Rebecca Cenni-Leventhal, Founder and CEO of Atrium
The impact of COVID-19 changed the workforce last year in unimaginable ways and the ramifications continue to unfold making the ever-changing, newly regulated business landscape difficult to fully understand. Almost instantaneously the physical boundaries which once separated our homes from our offices were redefined for the sake of business viability and survival, challenging leaders to redefine management strategies to effectively communicate and guide staff within remote environments. Many companies instituted large-scale organizational changes, and with that, employees were tasked with changes to their workloads as well as rapid needs to upskill. In many cases, through erasing physical lines between work and home in many cases, the quest for work-life balance was sidelined. This, plus worries about family, health, and finances created a perfect recipe for pandemic burnout, for both women and men.
The Loss of Women in the Workforce Must be Reversed
While pandemic burnout affected both women and men in the workforce, the impact of COVID-19 on women is particularly painful. According to the U.S. Bureau of Labor Statistics, there were 2.2 million fewer women in the labor force in October 2020 than in October 2019, and this past December alone, women accounted for 100% of reported job losses. While some women left predominately female fields like nursing and education to pursue continued learning and/or invest in their personal wellbeing, recent data from Lean In and McKinsey & Company shows that women were more likely to be laid-off and furloughed as a result of the virus, or were forced to resign. Many also felt pressure to take a step back from ambitious roles to accommodate caregiving and schooling responsibilities at home. The pandemic impact has the potential to erase much of the recent progress women have made in the workforce. For someone like me who has dedicated my career to empowering women to be leaders, this has been disheartening news.
When faced with unconscious bias and limited workplace support, making it to the top can seem like an out-of-reach goal, even for the most determined women. We may be able to credit some of the exit numbers in chiefly female fields like marketing and communications and business administration, and to talented women who chose entrepreneurship over mid-level roles that lacked their desired compensation or career trajectory. However, the reality is that these women are not the majority. The absence of female talent will be felt deeply by the businesses who lost it.
Bring Diversity, Equity, and Inclusion to Our Organizations, Be Mindful of Your People Programs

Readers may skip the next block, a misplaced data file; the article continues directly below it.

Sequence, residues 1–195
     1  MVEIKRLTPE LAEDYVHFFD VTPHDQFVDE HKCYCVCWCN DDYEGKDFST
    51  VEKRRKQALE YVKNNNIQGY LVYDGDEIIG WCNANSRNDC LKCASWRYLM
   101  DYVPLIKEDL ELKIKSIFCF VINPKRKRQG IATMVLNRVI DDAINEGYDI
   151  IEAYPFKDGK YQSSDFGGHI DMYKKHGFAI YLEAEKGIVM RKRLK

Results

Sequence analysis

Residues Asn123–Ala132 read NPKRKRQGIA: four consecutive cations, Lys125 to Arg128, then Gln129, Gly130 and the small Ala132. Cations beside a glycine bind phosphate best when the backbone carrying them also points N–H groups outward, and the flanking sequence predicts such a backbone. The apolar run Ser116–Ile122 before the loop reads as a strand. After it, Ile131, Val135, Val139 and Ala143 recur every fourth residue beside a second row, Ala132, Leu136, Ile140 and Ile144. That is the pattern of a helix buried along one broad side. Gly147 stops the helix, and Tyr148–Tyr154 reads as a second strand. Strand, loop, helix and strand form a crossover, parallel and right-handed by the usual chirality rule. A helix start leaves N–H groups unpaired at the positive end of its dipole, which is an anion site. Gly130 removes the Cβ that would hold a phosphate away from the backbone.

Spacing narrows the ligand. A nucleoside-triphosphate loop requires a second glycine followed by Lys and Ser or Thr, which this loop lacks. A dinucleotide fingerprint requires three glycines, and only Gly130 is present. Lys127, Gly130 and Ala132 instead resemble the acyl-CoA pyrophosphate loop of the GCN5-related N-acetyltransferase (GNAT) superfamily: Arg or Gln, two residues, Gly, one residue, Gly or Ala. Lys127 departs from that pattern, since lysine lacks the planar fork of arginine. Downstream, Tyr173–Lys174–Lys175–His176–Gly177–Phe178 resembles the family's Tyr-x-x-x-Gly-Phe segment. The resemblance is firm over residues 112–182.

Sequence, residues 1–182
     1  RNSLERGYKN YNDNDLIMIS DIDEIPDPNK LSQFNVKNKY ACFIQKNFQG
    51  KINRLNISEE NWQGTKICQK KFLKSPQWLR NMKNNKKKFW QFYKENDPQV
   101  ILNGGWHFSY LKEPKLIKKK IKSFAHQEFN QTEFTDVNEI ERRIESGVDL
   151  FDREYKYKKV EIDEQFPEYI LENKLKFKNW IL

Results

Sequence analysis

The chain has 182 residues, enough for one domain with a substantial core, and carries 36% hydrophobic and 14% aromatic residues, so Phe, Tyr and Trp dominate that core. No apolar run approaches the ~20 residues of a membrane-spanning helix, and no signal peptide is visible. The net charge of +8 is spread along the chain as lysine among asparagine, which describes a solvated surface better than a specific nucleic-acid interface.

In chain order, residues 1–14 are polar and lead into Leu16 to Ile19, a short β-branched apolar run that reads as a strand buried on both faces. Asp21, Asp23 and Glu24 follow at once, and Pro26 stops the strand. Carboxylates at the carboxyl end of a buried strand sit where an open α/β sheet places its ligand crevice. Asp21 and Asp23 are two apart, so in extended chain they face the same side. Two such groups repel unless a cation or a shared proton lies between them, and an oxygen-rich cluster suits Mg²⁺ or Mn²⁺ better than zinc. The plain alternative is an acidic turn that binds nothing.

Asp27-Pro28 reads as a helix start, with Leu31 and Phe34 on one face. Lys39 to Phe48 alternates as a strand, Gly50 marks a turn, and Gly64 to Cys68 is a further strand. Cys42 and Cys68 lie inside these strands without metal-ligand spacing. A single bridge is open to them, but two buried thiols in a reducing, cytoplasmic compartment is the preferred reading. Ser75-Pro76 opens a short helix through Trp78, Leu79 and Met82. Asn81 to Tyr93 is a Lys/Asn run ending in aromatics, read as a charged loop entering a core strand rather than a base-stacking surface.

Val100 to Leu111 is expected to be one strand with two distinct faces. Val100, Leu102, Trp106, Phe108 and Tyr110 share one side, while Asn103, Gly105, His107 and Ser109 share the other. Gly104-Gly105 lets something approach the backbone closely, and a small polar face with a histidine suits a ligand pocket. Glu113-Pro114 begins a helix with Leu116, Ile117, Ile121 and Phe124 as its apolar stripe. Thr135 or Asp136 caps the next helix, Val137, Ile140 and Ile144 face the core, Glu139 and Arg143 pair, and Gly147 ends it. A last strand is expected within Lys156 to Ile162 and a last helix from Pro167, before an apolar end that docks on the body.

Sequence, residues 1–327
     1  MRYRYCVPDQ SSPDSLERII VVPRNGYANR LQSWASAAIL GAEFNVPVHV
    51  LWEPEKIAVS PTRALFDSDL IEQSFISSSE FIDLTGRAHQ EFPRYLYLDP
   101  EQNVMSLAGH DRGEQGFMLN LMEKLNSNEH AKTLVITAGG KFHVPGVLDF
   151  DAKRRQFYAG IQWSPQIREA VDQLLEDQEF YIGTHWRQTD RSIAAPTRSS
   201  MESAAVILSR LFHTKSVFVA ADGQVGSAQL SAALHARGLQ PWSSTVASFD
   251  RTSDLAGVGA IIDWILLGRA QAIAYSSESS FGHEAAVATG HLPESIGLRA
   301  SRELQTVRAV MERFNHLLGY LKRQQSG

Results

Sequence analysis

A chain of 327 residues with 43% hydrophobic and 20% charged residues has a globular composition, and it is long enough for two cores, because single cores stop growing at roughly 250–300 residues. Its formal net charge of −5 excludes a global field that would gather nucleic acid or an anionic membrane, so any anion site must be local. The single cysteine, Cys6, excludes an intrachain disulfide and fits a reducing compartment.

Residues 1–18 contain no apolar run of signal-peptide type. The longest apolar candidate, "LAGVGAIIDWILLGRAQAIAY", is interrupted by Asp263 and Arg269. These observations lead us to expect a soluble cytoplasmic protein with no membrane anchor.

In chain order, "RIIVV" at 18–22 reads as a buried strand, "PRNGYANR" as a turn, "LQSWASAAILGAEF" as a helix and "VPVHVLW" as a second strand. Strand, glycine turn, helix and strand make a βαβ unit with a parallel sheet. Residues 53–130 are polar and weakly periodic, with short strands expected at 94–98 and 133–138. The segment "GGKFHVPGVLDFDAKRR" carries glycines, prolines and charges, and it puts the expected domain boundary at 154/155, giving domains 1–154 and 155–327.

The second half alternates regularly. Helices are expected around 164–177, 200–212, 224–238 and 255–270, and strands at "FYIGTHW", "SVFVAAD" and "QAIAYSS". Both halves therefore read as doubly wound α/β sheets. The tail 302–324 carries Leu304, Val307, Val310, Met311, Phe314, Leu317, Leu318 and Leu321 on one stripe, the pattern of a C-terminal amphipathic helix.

To retain and build up the value women bring to work, Diversity, Equity and Inclusion must be cemented to an organization’s mission, vision and value set. If your organization was forced to make cuts in staff yet is now in a more stable position to rebuild and hire, consider “returnship” programs. Reach out to those women who left your company either because of their or your business’ economic needs. Begin these dialogues with these women as you prepare to build back even stronger than ever before. And what better way to do that than with those women who were such an integral part of your company!
When building programs in your workforce to better support women, it’s important to consider what you can build today to further the potential of tomorrow’s talent. Organizations such as Women’s Business Enterprise National Council (WBENC) and Women Presidents’ Organization (WPO) can grow opportunities for women-led missions and create valuable partnerships for your business. Corporate partnerships with organizations such as Girl Talk, which are dedicated to developing leadership skills of young girls through mentorship and learning programs can be an invaluable way to invest in female leadership—a win for all as you help to create new leaders who will rise and leave their impact in history.
Let’s Make Positive History During Women’s History Month
This is Women’s History Month. Let’s make Her the protagonist of our story!
About the Author: Rebecca Cenni-Leventhal is founder and CEO of Atrium, an all-inclusive partner for talent and contingent solutions established in 1995 with a trademarked legacy of Applicant-Centric™ recruitment and mission to build the workforce of tomorrow by putting people first. Often referred to as Atrium’s Chief Empowerment Officer, Rebecca is dedicated to safeguarding the human value in work culture by helping employer brands source unparalleled talent and technology-driven workforce solutions. Rebecca shares her appreciation for mentorship as a corporate partner and board member to 501c3 organization, Girl Talk Inc, and she is recognized by SIA as a 2021 Staffing 100 Most Influential Leader for elevating the industry and advancing the workforce solutions ecosystem through her business practices, processes, philosophies and people-first mindset. As a female founder and CEO, Cenni-Leventhal champions Diversity and Inclusion. She and her business are consistently recognized for innovation and growth by the Women’s Business Enterprise Council (WBENC), Women’s President’s Organization (WPO) and Inc. 5000, topping lists such as Crain’s New York Best Places to Work 2020, Forbes Best Temp Staffing and America’s Best Professional Recruiting Firms 2020.